Incorporating a hands-on pedagogical approach, Nonparametric Statistics for Social and Behavioral Sciences presents the concepts, principles, and methods used in performing many nonparametric procedures. It also demonstrates practical applications of the most common nonparametric procedures using IBM’s SPSS software.
This text is the only current nonparametric book written specifically for students in the behavioral and social sciences. Emphasizing sound research designs, appropriate statistical analyses, and accurate interpretations of results, the text:
- Explains a conceptual framework for each statistical procedure
- Presents examples of relevant research problems, associated research questions, and hypotheses that precede each procedure
- Details SPSS paths for conducting various analyses
- Discusses the interpretations of statistical results and conclusions of the research
With minimal coverage of formulas, the book takes a nonmathematical approach to nonparametric data analysis procedures and shows students how they are used in research contexts. Each chapter includes examples, exercises, and SPSS screen shots illustrating steps of the statistical procedures and resulting output.
Table of Contents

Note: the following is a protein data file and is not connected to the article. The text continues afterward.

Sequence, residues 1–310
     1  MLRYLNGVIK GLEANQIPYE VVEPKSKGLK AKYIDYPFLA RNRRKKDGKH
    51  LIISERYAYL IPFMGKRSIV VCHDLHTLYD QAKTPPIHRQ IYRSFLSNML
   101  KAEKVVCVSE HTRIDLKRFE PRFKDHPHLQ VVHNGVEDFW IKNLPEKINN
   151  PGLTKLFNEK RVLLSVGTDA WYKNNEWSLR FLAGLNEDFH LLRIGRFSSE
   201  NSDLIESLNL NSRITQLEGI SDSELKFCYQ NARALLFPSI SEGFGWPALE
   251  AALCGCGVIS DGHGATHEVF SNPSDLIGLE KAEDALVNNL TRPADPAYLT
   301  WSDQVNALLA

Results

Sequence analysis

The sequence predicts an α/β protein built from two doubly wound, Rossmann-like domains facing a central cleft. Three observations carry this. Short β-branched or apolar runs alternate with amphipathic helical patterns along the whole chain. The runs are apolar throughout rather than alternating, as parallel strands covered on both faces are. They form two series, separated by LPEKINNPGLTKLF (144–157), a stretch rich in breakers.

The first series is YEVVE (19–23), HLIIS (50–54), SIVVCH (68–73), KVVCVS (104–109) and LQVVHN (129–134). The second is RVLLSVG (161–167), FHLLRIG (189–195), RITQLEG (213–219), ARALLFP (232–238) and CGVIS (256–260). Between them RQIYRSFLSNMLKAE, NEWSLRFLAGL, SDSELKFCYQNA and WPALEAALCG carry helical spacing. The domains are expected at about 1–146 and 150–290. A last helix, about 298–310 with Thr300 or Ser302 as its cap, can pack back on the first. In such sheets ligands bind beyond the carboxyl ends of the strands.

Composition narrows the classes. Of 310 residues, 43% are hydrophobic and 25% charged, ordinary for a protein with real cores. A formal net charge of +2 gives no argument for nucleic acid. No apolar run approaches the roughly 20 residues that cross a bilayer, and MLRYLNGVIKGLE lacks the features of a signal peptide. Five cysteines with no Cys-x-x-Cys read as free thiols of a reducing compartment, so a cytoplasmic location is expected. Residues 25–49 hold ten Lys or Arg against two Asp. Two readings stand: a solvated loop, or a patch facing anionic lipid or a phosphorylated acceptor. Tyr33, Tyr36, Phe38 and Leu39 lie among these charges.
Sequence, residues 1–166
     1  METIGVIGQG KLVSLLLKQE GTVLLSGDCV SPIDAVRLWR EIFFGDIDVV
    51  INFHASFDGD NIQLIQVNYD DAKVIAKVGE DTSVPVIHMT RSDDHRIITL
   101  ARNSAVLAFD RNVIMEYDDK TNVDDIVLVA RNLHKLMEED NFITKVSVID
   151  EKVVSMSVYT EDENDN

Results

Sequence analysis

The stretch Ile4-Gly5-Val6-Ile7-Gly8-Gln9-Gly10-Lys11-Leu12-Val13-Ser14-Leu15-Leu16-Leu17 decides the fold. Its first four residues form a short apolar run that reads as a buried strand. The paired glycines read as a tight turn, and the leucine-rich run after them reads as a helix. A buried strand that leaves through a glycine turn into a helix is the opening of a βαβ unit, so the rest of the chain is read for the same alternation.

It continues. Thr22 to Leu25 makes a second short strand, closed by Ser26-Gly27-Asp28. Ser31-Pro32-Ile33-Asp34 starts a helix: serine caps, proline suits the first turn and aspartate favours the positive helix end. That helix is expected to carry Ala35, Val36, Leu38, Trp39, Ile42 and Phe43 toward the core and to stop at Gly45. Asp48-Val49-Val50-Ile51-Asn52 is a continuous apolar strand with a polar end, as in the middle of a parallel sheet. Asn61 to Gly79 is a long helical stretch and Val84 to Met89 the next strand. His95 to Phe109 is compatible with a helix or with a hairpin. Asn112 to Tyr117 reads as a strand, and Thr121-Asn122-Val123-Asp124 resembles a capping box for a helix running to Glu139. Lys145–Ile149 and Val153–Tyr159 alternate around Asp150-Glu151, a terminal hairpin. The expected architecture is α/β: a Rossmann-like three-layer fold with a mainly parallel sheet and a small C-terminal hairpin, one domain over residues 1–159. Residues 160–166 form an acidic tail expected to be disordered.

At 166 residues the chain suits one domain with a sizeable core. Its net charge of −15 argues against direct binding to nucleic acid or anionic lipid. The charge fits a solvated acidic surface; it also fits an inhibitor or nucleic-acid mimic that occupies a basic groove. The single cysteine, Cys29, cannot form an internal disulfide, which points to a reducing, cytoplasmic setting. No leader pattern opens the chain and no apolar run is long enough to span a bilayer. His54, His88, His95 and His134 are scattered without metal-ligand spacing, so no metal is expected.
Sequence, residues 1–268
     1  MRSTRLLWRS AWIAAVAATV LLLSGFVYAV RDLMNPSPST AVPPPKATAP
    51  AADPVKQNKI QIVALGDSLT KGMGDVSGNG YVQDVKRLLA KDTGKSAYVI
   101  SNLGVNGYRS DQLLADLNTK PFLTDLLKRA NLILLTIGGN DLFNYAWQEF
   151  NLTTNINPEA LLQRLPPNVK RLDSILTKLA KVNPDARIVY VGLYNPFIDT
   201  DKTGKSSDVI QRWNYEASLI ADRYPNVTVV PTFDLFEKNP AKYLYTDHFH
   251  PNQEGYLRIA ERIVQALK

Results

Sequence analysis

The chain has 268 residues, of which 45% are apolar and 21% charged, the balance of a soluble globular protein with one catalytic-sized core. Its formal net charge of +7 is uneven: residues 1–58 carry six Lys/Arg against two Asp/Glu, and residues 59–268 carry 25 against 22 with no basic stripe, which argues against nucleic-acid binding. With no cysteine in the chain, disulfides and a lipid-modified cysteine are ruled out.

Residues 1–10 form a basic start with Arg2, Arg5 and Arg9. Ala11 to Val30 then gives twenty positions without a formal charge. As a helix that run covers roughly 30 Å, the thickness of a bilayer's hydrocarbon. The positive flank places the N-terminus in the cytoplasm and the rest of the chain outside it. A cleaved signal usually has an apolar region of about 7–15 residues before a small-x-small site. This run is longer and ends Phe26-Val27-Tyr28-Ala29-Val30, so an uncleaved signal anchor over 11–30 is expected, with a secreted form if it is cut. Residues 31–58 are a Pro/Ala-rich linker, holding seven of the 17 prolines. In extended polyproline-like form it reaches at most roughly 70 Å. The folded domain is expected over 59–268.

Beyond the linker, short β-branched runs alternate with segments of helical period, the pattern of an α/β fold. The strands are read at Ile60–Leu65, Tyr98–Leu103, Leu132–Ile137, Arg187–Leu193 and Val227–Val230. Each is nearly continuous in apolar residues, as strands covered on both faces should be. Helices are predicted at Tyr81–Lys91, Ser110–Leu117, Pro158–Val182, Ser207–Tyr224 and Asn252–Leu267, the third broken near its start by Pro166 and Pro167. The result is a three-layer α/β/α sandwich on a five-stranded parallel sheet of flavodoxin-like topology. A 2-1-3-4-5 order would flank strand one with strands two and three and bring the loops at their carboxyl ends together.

Introduction to Research in Social and Behavioral Sciences. Introduction to Nonparametric Statistics. Analysis of Data to Determine Association and Agreement. Analyses for Two Independent Samples. Analysis of Multiple Independent Samples. Analysis of Two Dependent Samples. Tests for Multiple Related Samples. Analysis of Single Samples. Index.
Dr. M. Kraska-Miller is a Mildred Cheshire Fraley Distinguished Professor of Research and Statistics in the Department of Educational Foundations, Leadership, and Technology at Auburn University, where she is also the Interim Director of Research for the Center for Disability Research and Service. Dr. Kraska-Miller is the author of four books on teaching and communications. She has published numerous articles in national and international refereed journals. Her research interests include statistical modeling and applications of statistics to theoretical concepts, such as motivation; satisfaction in jobs, services, income, and other areas; and needs assessments particularly applicable to special populations. She earned a Ph.D. in technical education, statistics from the University of Missouri; an M.S. in technical education, statistics from the University of Wisconsin-Stout; and an M.S. in probability and statistics from Auburn University.